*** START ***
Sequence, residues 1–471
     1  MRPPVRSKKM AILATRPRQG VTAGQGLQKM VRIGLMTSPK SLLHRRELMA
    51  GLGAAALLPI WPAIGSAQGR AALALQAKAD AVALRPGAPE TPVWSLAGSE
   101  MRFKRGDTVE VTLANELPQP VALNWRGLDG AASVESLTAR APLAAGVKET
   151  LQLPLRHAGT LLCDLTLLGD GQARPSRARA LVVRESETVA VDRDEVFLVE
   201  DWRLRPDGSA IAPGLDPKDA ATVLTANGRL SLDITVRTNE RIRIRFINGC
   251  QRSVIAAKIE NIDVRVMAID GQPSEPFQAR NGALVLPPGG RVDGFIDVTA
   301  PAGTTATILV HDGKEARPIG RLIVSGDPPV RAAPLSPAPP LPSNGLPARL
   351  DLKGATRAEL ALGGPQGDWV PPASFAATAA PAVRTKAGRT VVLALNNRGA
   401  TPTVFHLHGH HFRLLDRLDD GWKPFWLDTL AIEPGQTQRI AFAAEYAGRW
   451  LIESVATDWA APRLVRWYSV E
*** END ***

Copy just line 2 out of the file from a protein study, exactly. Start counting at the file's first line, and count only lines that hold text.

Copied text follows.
     1  MRPPVRSKKM AILATRPRQG VTAGQGLQKM VRIGLMTSPK SLLHRRELMA